Arsenal Must Buy Big!

Mark ShieldsContributor IApril 21, 2008

In the past eight weeks Arsenal’s season has crashed to earth harder than a ballet-dancing Philippe Senderos, and they have taken about as long to pick themselves up again.

Arsenal competed bravely for two trophies this season, but faltered at the wrong time. In being eliminated from the Champions League by Liverpool, and stuttering in the Premier League before being put out of their misery by Manchester United last weekend, they showed their lack of strength in depth and lack of experience.  

The fatal blows were delivered by Fernando Torres and Cristiano Ronaldo, the season’s two outstanding hitmen, both now reaching their peak at this crucial stage of the season.

Arsenal fans are wondering where their own executioner is. 

There is not much that needs to be changed in North London, but for the first time is recent memory there have been murmurings among fans questioning the great man at their helm.  

Arsenal are of course, victims of their own success, and not only this season. Last summer few fans expected them to challenge for the title; the pleasant surprise of seeing Arsenal set the season’s pace before Christmas was quickly replaced with a sense of expectancy after Christmas. It is a problem Wenger has brought upon himself. 

By winning trophies so regularly over more than a decade at the club, and by playing some of the finest football ever seen in Britain, Wenger has raised a generation of new Arsenal fans accustomed to success.

The same fans drawn to Arsenal by the trophies are the fans now grumbling under their breath about their manager; anyone who watched George Graham’s teams grind out endless 1-0 scorelines twenty years ago will know better than to complain about Arsene’s Arsenal.

While the neutrals and the purists can enjoy the style without worrying about the score, some corners of the Emirates are now making noises about a little less style and a little more success. 

Wenger has long been the purest purist of them all. His dedication to playing entertaining and attacking football is legendary; in the wake of Arsenal’s collapse this season he reiterated his commitment to winning "the right way."

This purism applies to matters on and off the pitch. Two years ago he labelled Chelsea’s endless riches "financial doping," a way of undermining the fairness of the league; and throughout his career has steadfastly refused to compete financially with Europe’s big clubs.

He has spent only occasionally, and usually on youngsters for the future. In the past Arsenal have not had the resources to compete financially but that is no longer the case.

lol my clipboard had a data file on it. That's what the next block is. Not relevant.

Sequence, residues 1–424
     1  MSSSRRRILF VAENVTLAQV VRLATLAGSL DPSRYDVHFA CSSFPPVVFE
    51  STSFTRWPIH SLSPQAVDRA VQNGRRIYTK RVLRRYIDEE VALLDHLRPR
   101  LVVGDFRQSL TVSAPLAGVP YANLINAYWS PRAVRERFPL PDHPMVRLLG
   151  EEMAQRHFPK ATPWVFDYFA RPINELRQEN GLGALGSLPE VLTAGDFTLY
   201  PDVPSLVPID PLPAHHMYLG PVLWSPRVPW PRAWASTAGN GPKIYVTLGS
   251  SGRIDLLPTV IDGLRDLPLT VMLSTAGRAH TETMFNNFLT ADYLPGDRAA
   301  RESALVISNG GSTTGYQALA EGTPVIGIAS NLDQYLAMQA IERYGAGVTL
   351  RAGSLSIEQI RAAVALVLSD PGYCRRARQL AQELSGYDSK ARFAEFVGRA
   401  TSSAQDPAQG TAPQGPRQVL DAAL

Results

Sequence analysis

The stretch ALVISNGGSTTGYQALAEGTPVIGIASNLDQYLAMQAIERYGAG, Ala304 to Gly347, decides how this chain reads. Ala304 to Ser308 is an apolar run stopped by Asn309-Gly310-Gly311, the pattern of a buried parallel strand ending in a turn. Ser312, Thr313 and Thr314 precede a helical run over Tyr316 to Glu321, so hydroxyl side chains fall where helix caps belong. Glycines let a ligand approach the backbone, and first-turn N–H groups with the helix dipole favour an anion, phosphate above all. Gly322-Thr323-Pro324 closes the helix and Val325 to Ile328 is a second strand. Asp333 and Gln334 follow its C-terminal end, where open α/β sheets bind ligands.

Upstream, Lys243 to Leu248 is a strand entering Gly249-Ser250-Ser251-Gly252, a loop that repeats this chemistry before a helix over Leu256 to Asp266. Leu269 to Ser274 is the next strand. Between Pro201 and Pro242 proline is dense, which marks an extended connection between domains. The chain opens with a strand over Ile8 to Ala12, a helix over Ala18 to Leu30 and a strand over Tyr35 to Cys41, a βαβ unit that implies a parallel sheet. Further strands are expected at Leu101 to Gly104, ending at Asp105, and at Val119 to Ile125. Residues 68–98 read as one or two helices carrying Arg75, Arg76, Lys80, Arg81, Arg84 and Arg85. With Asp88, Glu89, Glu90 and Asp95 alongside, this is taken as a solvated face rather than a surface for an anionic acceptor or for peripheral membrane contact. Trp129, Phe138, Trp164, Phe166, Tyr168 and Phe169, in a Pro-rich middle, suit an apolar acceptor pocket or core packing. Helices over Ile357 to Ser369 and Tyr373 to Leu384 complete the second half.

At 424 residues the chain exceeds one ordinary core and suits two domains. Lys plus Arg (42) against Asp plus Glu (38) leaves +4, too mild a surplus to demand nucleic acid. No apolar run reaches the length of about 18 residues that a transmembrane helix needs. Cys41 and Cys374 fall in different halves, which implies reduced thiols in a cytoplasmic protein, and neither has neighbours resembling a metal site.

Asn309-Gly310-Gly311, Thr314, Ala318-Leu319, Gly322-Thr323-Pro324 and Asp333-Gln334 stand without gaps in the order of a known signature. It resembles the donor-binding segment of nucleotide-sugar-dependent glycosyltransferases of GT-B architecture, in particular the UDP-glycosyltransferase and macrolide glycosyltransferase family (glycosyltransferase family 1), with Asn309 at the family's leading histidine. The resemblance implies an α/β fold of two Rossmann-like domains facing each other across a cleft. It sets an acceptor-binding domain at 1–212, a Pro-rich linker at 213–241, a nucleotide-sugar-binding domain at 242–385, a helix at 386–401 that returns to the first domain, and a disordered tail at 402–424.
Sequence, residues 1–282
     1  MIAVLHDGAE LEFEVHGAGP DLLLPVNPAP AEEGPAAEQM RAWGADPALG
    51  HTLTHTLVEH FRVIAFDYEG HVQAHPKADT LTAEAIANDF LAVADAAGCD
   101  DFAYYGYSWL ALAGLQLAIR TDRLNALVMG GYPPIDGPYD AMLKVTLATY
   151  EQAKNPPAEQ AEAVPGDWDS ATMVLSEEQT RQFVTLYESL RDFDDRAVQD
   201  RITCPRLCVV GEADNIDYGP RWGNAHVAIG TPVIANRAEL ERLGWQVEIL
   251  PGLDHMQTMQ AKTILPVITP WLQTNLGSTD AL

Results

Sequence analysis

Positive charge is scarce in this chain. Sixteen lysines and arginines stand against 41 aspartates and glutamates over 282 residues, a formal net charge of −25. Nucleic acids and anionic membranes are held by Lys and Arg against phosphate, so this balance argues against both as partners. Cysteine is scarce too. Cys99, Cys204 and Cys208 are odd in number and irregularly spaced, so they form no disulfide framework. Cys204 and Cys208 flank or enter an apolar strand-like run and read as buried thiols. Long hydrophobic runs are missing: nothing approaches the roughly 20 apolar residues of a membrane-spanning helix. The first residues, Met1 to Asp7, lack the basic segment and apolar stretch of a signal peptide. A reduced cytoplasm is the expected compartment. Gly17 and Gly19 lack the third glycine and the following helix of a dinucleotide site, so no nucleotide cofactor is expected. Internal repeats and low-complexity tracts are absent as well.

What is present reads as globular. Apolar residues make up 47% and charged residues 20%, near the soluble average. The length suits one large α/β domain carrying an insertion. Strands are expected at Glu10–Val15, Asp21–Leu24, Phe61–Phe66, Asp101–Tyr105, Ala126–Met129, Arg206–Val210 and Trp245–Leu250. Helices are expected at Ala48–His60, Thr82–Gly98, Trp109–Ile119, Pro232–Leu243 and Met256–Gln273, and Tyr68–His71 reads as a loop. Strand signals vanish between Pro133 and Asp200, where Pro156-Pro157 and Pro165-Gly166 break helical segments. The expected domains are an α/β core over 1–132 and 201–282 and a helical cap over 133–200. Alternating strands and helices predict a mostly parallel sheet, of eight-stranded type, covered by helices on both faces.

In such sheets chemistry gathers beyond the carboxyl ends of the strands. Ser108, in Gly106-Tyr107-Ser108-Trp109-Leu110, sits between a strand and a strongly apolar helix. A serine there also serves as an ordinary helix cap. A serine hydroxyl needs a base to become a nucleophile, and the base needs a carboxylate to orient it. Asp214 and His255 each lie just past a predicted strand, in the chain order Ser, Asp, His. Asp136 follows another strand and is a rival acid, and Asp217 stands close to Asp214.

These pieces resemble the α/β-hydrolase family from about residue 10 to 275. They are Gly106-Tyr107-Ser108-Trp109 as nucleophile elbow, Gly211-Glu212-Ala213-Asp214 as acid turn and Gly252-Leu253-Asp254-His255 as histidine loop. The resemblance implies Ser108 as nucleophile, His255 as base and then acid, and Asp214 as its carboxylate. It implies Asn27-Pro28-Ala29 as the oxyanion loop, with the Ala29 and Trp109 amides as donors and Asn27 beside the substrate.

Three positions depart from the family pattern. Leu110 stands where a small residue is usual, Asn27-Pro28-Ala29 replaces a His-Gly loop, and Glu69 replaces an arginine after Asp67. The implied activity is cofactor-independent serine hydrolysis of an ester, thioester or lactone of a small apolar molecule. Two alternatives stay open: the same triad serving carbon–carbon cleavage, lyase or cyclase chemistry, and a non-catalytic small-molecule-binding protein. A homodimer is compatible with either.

Years of success under Wenger allowed Arsenal to make the expensive move to the Emirates, and spending was restricted for several years. Now the revenues from the two-year old Emirates Stadium are beginning to drip down; soon it will become a torrent.  

Arsenal were named the fifth richest club in the world in the latest rankings by the accountants Deloitte; their turnover of £264.2m in their first season at the Emirates was a 50% increase from the year before.

The revenue from each home match tops £3m.

To put that in context, the club now make more money from the corporate boxes at the Emirates than they made from the whole of Highbury. As if that wasn’t enough, Highbury is now being converted into luxury apartments which will eventually net the club over £100m. 

So there is money available for Wenger to spend: the Managing Director, Keith Edelman, has publicly stated that there is over £70m for new players. It is unusual for a football club to publicly announce the amount they can spend on new players, for fear of driving up the price of any transfer targets.

Though the board have faith in Wenger, it seems they are keen to let the fans know that any decision not to spend is Wenger’s decision alone. Wenger’s commitment to nurturing young players and growing teams, as opposed to buying established stars, is a noble pursuit.

What better way to win than with players schooled in the club’s distinctive style, moulded together through the youth teams, all while playing the most attractive football in Europe?  

However, success brings pressure, and the hope of a trophy this season has brought the demand of one next year.

Arsenal fans love their manager, and the way he plays the game, but how many would dispute that if Wenger had spent the £20m plus on Fernando Torres last year (or a player of his calibre), they would now be preparing for a Champions League semi final rather than their summer holidays? 

Wenger would dearly love to see his idealism triumph over the kind of pragmatism epitomised by Liverpool and Chelsea, but all fans want to win trophies, and Arsenal fans are no different. The point has come where Wenger must be realistic. 

Arsenal were nearly good enough this season. They will be strong again next season, and their youngsters will be stronger for the experience of this season, but so will their rivals.

Their realistic challengers for next year’s Premier League are all playing Champions League semi finals this week; and they will certainly improve their squads this summer.  

Until Arsenal do the same, competing with the top European clubs to buy quality and experience, they will continue to fall short.

Second place, no matter how beautiful, is still second.